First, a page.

Reflection, and the clarity that can come after it, are the ultimate luxury in our harried and distracted times. Beyond bringing about a personal sense of peace, taking time to analyze and articulate our experiences provides a demonstrable edge when it comes to performance.
Some of us seek illumination by jetting to Myanmar for a 10-day silent retreat. But most of us must prompt our evolutions within the confines of scheduled lives, so our quests for clarity can at best be squeezed into an early morning or a free evening. However, that’s not an impossible amount of time to find what you need, according to the CEOs of Synthesis, a leadership and talent development company based in New Jersey and Tel Aviv.
“We all crave synthesis. We want to get to the one or two or three things that matter most and figure out how to move the dial on those,” says Synthesis co-CEO Shirley Schlatka. “We all want to cut through the layers.”
Schlatka and her co-founder, Inbal Arieli, say they have developed a method to do just that. Using principles derived in part from the Israeli military’s psychological assessments of new recruits for special forces units, combined with insights they’ve acquired over decades as lawyers working in business, they have built a model for prompting that precious reckoning we need in order to evolve.
Officially, Synthesis helps cultivate leadership and team potential. It’s a unit of True Talent Advisory, an executive search firm based outside Philadelphia. Companies hire Synthesis for help with evaluating potential and existing leaders, and with developing teams and talent. Coaches guide clients as they formulate “agile action plans,” teaching them how to analyze themselves in order to make better decisions.
The assessment and coaching process is designed for individuals in a business context. Unofficially, though, it’s a program anyone might try to improve the quality of their lives, the CEOs contend.
The idea is to develop a mindset that cultivates reflection and intention, providing clarity in a rushed and confusing world. “The process is designed to train people to become comfortable with ambiguity,” Arieli says.
The founders of Synthesis are longtime friends with very similar interests and paths. Both served in leadership roles the Israeli Defense Forces, in prestigious units. Arieli was a lieutenant in an elite intelligence unit, and Schlatka was an officer in the Air Force. They met at Tel Aviv University in the late 1990s, where they studied law and economics, both drawn to the two topics for the insights they offer about humanity. “Law and economics is basically the study of human behavior,” Schlatka says. “Law is the study of our norms and values and economics examines our choices.”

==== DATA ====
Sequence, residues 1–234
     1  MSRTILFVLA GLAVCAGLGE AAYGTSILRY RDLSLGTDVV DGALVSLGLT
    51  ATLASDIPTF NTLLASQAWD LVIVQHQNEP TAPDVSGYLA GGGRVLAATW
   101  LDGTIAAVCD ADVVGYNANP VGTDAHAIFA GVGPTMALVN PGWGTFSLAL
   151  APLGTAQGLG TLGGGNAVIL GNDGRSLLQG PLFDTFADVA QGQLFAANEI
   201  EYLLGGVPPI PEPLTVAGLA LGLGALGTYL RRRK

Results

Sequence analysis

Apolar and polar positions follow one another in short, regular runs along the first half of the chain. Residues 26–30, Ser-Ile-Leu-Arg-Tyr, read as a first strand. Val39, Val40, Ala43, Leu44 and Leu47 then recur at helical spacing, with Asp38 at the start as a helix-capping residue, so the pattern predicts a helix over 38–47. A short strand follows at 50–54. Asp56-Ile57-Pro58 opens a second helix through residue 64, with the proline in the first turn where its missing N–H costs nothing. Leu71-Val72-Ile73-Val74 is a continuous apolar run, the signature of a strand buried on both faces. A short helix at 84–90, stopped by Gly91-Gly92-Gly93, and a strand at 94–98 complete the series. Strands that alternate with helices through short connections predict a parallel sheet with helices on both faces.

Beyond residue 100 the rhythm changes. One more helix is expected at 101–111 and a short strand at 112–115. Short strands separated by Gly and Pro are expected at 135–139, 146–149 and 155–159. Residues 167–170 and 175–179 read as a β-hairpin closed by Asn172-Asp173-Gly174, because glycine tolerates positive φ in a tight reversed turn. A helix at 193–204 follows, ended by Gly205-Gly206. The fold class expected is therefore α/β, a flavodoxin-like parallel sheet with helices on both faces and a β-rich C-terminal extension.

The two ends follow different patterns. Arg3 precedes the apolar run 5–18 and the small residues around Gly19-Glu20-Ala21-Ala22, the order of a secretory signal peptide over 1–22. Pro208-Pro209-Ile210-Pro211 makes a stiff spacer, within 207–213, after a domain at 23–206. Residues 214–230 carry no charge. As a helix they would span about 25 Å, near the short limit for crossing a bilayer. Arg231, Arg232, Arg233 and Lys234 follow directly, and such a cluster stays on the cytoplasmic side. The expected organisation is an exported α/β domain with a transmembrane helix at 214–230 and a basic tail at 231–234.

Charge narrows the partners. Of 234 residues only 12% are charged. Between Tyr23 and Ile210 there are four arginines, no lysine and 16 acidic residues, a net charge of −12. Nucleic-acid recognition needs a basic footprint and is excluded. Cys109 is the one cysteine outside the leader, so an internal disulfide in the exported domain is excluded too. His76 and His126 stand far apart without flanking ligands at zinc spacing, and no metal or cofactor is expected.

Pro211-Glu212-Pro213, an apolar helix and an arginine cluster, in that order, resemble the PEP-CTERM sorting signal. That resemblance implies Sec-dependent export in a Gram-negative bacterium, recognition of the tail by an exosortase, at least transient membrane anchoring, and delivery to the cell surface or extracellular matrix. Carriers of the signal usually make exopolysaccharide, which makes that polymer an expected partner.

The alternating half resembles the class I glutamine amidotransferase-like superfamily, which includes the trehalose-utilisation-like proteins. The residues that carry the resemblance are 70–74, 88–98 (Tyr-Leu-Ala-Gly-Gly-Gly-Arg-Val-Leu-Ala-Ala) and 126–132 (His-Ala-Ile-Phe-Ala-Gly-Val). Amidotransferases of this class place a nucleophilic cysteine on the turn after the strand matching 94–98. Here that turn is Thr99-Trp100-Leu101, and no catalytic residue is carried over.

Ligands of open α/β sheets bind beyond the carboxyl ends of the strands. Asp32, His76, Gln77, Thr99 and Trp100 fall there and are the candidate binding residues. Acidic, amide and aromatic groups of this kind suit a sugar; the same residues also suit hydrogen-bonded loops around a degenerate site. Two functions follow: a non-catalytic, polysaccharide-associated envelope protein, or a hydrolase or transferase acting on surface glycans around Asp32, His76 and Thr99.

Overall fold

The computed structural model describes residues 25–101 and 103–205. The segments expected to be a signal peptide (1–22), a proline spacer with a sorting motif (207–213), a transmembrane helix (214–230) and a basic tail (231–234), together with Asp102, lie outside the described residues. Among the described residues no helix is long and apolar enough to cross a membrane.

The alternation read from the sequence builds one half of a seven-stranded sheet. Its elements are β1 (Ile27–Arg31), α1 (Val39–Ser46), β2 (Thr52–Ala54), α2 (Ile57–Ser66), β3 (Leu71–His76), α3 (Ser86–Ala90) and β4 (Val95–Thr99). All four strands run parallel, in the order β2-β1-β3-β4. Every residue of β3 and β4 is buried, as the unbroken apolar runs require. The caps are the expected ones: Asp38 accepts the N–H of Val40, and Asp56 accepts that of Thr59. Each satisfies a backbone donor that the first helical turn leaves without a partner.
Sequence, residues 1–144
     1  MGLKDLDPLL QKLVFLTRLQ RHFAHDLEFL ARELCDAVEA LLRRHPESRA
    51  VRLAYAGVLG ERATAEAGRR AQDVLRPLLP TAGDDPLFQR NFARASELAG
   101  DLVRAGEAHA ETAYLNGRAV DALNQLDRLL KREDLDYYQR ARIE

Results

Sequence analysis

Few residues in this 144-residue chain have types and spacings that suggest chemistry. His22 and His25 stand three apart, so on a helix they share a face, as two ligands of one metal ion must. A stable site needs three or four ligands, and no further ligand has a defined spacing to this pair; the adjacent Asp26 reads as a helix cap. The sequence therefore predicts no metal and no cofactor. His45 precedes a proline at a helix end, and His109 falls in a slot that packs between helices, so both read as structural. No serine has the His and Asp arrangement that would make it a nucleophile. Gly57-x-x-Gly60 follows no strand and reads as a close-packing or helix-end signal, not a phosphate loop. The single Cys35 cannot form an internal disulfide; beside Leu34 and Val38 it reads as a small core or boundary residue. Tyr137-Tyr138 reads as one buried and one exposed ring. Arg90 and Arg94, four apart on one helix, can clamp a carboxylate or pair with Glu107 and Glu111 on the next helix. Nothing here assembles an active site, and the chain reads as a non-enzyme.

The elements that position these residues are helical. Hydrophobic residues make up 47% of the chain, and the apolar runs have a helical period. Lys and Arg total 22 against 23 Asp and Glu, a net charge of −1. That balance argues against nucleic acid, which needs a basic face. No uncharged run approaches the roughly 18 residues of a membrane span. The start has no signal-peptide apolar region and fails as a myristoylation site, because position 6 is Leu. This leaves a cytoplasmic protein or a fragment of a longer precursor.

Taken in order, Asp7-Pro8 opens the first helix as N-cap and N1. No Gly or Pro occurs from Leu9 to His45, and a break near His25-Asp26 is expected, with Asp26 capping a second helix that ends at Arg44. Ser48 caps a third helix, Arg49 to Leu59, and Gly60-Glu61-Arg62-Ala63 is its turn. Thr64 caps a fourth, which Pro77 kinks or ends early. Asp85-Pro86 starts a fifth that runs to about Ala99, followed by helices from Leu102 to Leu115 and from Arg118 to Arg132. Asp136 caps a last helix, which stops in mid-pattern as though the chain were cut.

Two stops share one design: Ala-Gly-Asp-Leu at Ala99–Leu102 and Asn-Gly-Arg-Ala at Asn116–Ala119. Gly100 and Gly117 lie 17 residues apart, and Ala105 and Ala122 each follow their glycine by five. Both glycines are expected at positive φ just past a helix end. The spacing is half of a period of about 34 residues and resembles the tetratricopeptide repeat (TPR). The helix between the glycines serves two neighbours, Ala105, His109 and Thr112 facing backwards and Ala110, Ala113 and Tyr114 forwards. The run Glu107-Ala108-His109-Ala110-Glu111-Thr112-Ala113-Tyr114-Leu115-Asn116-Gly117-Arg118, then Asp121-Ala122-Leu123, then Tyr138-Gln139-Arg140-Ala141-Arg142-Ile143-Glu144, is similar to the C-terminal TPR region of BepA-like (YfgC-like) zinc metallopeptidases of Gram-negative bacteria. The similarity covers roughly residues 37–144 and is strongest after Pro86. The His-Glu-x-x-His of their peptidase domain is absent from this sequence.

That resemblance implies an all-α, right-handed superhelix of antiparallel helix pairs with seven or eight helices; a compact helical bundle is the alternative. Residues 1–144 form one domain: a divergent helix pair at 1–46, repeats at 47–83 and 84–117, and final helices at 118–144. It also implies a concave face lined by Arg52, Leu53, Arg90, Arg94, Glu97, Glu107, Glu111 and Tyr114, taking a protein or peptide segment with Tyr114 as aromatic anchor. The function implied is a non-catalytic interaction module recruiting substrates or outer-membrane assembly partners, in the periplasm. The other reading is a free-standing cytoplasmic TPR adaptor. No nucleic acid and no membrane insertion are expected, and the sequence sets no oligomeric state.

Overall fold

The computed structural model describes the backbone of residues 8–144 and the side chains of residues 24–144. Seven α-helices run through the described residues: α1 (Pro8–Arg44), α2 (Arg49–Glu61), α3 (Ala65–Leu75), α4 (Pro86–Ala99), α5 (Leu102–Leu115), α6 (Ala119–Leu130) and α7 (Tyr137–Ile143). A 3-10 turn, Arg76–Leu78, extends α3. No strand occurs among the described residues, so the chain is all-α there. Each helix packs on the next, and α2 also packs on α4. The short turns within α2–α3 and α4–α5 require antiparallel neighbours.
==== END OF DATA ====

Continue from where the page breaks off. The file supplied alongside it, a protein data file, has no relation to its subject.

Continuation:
After university, their path diverged. Schlatka went into marketing in the US, working first for FedEx and then for a consulting firm before getting an MBA at Harvard Business School. She remained obsessed with the notion of valuable choices, trying to figure out why people make the decisions they do and how to improve the underlying process to ensure better outcomes.
Arieli practiced law in Israel, and pivoted to business a few years later, serving as the director of corporate development for defense-electronics company RADA Electronic Industries, then heading up the legal department at the startup Modu Mobile. In the interim, she got an MBA at Tel-Aviv University. Like Schlatka, Arieli was interested in better understanding herself and the people around her—what motivates us and what slows us down, and whether it’s possible to isolate the characteristics that lead to success and fulfillment.
When the two women became colleagues at a Tel Aviv startup in the new millennium, the local tech industry was booming. Israel had been dubbed a startup nation, a global hub for innovation and entrepreneurship in a tiny state in the Middle East, drawing international investors in droves despite being a political lightning-rod globally. Evolution, it turns out, doesn’t depend on endless time to reflect and unlimited resources.